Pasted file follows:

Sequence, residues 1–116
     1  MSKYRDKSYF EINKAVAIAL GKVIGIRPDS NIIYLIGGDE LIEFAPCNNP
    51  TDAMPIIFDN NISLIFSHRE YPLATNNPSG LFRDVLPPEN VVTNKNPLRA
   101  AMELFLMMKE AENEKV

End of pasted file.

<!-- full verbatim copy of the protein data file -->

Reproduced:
Sequence, residues 1–116
     1  MSKYRDKSYF EINKAVAIAL GKVIGIRPDS NIIYLIGGDE LIEFAPCNNP
    51  TDAMPIIFDN NISLIFSHRE YPLATNNPSG LFRDVLPPEN VVTNKNPLRA
   101  AMELFLMMKE AENEKV